Proper planning ensures a succesful shutdown

An annual five-to-ten-day shutdown typically eats up a third of a mill’s or plant’s annual maintenance budget. Furthermore, there are always risks involved that may either cause additional costs or postpone the scheduled start-up of the plant. With Valmet’s detailed shutdown planning and in-depth project management experience, possible risks can be minimized and the planned tasks can be accomplished on time and on budget.

“Our maintenance people have a vast experience of all kinds of situations that may be encountered while planning and carrying out shutdowns. If something unexpected comes up – which is often the case – we are able to find good, alternative solutions. Our people can see if something is not going well and take the required corrective action,” points out Jaakko Reivo, Project Manager, Site Operations, Valmet, who has been involved in over 100 shutdowns around the world since the late 1980s.

Planning on a rolling basis

The key to a successful shutdown lies in its detailed planning and scheduling ahead of time. Without this essential step it would be impossible to carry out all the required overhaul work, check-ups and measurements needed during the shutdown.

“Planning for the next major shutdown should start right after the previous one has ended. Planning should be carried out on a rolling basis; planned tasks should be added to the shutdown plan as soon as possible and unplanned tasks added as they come up,” says Timo Harjunpää, Manager, Sales & Global Operations Development, Valmet.

Valmet offers shutdown services either as part of its outsourcing or as a separate service. At sites that have outsourced their maintenance operations to Valmet, shutdowns are carried out by Valmet’s onsite maintenance team, and are supported by resources from Valmet’s local or global specialist network, as well as local and global suppliers.

Cooperation, communication and control

“Shutdown planning starts with a meeting between the customer’s production people and our maintenance team. At the meeting we identify the tasks required and schedule them in the computerized maintenance management system (CMMS). We then allocate the required spare parts and resources to the shutdown. We discuss in detail how long each job will take and who will carry it out,” Harjunpää explains. “Not everything can be done at the same time, so there has to be some form of prioritization.”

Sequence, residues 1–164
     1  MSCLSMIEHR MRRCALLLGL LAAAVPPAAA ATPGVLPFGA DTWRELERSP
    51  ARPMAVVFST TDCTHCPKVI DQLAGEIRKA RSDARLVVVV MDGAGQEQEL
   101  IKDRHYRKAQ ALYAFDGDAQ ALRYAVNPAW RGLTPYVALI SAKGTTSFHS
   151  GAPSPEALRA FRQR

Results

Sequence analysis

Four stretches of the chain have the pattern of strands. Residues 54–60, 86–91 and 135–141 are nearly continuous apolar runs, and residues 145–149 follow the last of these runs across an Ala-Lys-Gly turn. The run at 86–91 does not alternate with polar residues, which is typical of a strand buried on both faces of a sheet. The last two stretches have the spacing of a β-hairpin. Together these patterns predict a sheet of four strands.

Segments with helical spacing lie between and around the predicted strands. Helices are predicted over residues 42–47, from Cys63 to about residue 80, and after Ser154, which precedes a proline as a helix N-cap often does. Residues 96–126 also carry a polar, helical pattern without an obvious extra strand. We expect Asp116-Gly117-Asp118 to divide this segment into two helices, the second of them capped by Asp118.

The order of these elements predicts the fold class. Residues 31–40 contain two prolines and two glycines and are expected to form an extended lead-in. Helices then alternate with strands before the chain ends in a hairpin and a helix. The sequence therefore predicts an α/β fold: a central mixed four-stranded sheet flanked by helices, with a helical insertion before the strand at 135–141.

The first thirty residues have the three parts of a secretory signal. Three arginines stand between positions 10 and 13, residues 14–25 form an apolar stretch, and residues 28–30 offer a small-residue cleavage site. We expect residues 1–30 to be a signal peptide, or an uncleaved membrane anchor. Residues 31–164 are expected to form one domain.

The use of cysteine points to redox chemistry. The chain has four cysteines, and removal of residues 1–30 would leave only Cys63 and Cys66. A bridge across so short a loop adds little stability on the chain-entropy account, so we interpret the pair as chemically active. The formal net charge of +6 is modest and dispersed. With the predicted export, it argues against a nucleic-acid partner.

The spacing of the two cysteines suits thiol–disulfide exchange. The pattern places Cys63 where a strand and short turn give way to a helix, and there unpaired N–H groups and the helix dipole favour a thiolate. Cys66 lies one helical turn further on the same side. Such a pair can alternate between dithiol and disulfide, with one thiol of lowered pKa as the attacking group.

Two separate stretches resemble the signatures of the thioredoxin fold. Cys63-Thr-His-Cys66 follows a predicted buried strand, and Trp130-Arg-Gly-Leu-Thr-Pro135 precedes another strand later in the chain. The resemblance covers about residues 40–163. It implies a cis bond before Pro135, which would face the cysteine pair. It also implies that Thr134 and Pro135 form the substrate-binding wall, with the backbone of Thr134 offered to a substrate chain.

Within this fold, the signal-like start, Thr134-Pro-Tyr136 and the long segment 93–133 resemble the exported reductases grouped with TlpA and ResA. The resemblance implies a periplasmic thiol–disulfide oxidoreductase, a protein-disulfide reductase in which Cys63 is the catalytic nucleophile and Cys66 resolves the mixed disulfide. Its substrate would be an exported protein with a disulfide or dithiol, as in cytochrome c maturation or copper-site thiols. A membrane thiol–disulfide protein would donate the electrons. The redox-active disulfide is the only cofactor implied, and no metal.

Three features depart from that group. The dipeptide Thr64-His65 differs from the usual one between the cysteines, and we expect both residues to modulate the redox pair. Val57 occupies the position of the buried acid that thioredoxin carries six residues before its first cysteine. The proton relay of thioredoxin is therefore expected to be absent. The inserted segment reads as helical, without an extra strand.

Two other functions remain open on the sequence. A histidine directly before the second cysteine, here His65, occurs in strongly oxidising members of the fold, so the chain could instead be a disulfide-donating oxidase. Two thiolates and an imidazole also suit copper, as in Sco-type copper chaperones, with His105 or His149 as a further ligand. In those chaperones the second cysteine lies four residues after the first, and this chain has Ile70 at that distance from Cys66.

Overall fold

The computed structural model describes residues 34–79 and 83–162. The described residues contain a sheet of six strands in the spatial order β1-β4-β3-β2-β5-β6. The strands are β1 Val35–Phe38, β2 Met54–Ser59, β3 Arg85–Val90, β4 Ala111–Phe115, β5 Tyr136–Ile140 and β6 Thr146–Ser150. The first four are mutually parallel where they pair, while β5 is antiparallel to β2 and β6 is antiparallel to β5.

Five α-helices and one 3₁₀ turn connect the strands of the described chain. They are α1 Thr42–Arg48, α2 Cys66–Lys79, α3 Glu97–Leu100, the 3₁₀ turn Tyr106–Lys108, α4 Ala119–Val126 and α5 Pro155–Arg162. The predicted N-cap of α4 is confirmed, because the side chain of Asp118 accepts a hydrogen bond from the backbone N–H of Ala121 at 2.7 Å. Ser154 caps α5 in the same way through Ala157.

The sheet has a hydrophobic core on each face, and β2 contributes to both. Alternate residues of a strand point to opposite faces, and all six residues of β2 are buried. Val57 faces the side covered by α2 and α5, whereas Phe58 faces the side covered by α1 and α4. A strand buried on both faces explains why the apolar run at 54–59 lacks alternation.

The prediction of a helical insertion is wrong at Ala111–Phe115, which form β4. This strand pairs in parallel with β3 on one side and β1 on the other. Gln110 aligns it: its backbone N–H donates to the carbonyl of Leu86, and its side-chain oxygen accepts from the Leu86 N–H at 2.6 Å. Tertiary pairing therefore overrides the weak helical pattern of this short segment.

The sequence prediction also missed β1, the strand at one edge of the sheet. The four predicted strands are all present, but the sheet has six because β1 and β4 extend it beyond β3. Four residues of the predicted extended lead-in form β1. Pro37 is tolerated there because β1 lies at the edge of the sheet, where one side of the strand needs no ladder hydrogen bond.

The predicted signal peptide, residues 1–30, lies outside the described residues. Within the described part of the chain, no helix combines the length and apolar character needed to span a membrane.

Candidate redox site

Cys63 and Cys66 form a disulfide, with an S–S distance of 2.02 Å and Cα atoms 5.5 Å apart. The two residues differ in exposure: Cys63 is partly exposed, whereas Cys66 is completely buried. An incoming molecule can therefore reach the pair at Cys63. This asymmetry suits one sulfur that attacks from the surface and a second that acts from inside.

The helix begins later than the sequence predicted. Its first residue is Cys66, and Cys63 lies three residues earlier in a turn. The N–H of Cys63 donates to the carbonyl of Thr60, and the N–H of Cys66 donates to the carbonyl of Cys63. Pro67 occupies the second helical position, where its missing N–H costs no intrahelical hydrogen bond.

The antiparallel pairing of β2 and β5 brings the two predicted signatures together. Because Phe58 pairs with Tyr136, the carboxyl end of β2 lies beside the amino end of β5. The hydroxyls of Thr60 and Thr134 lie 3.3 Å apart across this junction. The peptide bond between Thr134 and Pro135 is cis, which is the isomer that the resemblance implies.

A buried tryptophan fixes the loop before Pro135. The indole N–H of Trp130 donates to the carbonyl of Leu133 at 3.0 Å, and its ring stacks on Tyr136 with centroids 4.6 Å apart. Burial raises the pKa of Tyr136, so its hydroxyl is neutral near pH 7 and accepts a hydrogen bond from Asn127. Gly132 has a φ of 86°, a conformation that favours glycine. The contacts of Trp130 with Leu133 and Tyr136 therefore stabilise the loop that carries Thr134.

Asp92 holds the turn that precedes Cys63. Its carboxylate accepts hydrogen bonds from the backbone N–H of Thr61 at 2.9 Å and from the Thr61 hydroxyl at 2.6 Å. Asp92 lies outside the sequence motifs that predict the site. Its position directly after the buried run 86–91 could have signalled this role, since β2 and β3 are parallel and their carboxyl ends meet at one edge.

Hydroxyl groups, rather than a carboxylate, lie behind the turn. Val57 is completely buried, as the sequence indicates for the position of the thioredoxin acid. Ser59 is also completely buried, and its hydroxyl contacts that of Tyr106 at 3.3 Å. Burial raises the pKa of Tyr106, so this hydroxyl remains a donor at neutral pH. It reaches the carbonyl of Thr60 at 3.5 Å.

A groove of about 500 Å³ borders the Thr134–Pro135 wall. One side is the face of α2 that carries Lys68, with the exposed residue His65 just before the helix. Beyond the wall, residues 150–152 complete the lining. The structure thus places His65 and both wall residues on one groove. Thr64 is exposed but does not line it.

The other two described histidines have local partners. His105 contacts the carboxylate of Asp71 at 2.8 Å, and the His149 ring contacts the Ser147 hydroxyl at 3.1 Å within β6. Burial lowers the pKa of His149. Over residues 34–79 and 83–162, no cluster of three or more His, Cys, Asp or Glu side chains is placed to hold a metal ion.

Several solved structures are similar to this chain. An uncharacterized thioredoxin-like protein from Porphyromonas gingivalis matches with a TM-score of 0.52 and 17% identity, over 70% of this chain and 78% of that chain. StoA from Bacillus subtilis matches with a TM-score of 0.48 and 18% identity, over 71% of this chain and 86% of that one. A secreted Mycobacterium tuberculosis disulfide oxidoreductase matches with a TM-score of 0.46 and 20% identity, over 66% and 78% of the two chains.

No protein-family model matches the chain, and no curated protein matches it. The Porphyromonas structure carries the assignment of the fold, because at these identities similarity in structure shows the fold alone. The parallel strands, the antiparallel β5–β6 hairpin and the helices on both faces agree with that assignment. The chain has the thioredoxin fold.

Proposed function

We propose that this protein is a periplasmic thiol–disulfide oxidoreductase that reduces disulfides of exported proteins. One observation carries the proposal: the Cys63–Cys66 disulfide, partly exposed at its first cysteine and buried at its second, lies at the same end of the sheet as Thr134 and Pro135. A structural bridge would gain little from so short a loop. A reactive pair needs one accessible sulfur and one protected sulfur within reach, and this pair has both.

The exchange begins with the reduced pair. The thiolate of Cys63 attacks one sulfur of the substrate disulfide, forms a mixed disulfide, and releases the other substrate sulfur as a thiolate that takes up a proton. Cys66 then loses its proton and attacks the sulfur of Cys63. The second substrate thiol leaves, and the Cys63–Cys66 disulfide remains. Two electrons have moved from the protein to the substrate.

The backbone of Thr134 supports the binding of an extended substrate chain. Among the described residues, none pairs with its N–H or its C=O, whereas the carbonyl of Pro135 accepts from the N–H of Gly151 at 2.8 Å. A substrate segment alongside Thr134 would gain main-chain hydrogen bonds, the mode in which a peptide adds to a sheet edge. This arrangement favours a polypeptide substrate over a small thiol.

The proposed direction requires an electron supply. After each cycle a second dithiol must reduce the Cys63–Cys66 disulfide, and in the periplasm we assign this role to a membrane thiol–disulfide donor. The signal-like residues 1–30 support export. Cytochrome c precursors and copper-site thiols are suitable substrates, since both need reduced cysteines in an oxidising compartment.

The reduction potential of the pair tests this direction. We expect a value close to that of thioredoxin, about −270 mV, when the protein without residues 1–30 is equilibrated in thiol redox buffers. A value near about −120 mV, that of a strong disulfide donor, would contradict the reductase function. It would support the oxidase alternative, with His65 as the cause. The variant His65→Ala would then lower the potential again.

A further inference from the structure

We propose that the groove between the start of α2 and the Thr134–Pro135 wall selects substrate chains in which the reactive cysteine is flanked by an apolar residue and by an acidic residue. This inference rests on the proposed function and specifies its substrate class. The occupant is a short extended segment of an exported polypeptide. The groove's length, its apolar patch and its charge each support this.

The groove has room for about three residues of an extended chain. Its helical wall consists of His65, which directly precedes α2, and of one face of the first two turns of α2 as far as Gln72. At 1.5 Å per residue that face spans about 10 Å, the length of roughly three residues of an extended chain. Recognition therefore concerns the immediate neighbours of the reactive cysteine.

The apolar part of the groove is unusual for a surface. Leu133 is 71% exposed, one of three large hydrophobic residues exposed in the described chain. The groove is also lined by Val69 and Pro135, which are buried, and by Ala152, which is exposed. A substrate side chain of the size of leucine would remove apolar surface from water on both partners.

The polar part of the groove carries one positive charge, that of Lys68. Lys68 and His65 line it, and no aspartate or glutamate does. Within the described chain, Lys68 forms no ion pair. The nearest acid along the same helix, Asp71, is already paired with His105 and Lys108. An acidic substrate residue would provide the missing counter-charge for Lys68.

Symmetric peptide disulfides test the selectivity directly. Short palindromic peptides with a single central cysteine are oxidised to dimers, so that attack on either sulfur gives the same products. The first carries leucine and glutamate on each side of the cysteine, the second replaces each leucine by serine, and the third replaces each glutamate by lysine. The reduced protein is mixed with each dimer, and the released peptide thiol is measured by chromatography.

It’s also important to involve the customer’s sales team to discuss the shutdown schedule. For example, in paper sales there are more deliveries in some months than in others, meaning that paper production must not be down at that time.

There are also other stakeholders to take into account, and maintenance work needs to be in sync with other possible upgrade or new investment projects. “It is highly important that all the relevant information is placed openly on the table for everybody to see what else is being done. This way everybody has access to hydraulics, electricity and the crane, to mention but a few examples. Communication and openness are essential,” Jaakko Reivo adds.

Good planning also calls for an estimate about the shutdown costs, and at a later stage, close control to stay within the set budget. In shutdown planning, there is always a freezing point, after which no new tasks will be added to the to-do list.

Safety first

Site safety is extremely important already at the planning stage. In a major shutdown, there may be hundreds of people involved, including external workers with no prior site experience. This inevitably increases safety risks, and for this reason safety training is always included in the schedule. Furthermore, major lifting with cranes has to be carefully scheduled to ensure safety.

Well planned, more than half done

According to an old saying, if something is well planned it is already half done. With maintenance, however, being well planned means more than merely being half done according to Reivo.

Valmet’s shutdown service also ensures timely spare parts

With scarce resources and a thin maintenance organization, there’s often not much time to think about the spare parts needed for a major shutdown. Hasty choices may prove to be the wrong ones, and required spare parts may arrive too late.

Valmet has now expanded its shutdown service to cover spare parts as well. This enables the customers to plan, maintain and optimize their spare part deliveries and minimizes the risk of emergency purchases and maintenance delays.

Benefits:

  • All required spare parts will arrive in good time
  • Lower freight costs
  • Fewer unplanned shutdowns
  • Eliminates emergency parts purchases